Biomechanical implications of the congenital bicuspid aortic valve: A finite element study of aortic root function from in vivo data
ABSTRACT Congenital bicuspid aortic valves frequently cause aortic stenosis or regurgitation. Improved understanding of valve and root biomechanics is needed to achieve advancements in surgical repair techniques. By using imaging-derived data, finite element models were developed to quantify aortic valve and root biomechanical alterations associated with bicuspid geometry.
A dynamic 3-dimensional finite element model of the aortic root with a bicuspid aortic valve (type 1 right/left) was developed. The model's geometry was based on measurements from 2-dimensional magnetic resonance images acquired in 8 normotensive and otherwise healthy subjects with echocardiographically normal function of their bicuspid aortic valves. Numeric results were compared with those obtained from our previous model representing the normal root with a tricuspid aortic valve. The effects of raphe thickening on valve kinematics and stresses were also evaluated.
During systole, the bicuspid valve opened asymmetrically compared with the normal valve, resulting in an elliptic shape of its orifice. During diastole, the conjoint cusp occluded a larger proportion of the valve orifice and leaflet bending was altered, although competence was preserved. The bicuspid model presented higher stresses compared with the tricuspid model, particularly in the central basal region of the conjoint cusp (+800%). The presence of a raphe partially reduced stress in this region but increased stress in the other cusp.
Aortic valve function is altered in clinically normally functioning bicuspid aortic valves. Bicuspid geometry per se entails abnormal leaflet stress. The stress location suggests that leaflet stress may play a role in tissue remodeling at the raphe region and in early leaflet degeneration.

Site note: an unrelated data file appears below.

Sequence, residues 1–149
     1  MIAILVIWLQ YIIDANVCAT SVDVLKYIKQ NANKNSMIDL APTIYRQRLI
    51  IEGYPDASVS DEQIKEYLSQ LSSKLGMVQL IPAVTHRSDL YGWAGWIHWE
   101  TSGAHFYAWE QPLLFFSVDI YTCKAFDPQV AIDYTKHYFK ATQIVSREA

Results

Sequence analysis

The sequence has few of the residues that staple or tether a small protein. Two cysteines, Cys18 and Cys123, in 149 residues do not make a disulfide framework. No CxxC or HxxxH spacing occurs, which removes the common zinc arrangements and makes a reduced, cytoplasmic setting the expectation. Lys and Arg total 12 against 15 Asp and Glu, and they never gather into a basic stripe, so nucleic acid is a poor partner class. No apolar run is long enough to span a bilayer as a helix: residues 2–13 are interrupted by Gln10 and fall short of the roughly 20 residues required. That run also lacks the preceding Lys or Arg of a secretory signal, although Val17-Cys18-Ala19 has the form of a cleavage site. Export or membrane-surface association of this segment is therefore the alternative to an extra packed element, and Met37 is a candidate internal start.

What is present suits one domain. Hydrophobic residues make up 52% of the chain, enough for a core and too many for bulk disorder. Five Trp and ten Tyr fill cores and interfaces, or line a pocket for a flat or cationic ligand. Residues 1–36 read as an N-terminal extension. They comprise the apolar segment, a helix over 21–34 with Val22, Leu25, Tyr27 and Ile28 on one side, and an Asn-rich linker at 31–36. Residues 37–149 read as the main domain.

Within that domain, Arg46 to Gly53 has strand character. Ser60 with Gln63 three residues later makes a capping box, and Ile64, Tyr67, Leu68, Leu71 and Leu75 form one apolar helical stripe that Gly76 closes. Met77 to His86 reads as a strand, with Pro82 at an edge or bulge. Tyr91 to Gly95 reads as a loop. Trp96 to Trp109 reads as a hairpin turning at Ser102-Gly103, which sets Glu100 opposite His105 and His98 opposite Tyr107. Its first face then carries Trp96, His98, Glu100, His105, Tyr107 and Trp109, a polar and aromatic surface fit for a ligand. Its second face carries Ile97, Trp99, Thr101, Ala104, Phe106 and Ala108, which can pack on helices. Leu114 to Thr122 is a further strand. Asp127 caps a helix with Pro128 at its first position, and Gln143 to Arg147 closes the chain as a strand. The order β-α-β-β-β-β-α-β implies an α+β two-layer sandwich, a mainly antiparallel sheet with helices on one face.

SourceAvailable from: Giuseppe LimongelliCirculation 06/2014; 129(25):2691-2704. DOI:10.1161/CIRCULATIONAHA.113.007851 · 14.95 Impact Factor
[Show abstract] [Hide abstract]
ABSTRACT: In the recent years, fluid structure interaction (FSI) models of the aortic valve and root have become increasingly common for two main reasons. The medical reason is that millions of patients suffer from aortic valve disorders. The second reason is that this challenging problem combines several fields of computational mechanics. The key motive for these modeling attempts is their potential to shed light on phenomena that cannot be captured in experiments or in simplified models of solely hemodynamics or structural mechanics. The aim of this paper is to review the state-of-the-art FSI methods in general and their application to the aortic valve in particular. A brief overview of the medical background is provided. The numerical methods and appropriate assumptions are then presented with examples of previous aortic valve models, followed by a discussion of the limitation of current models and recommendations for overcoming them in future research. The methods presented in this paper could help readers to choose the modelling approach and assumptions that are most suitable for their goals.Archives of Computational Methods in Engineering 01/2014; DOI:10.1007/s11831-014-9133-9 · 4.14 Impact Factor
Dataset: 2014 ATVB review on CAVD